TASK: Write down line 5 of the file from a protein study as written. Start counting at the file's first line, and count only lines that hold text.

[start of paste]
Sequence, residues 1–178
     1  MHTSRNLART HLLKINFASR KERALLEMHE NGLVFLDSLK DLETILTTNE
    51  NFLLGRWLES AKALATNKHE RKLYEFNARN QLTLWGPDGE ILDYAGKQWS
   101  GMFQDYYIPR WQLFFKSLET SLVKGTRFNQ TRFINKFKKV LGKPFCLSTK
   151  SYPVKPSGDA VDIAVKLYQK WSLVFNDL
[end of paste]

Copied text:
   151  SYPVKPSGDA VDIAVKLYQK WSLVFNDL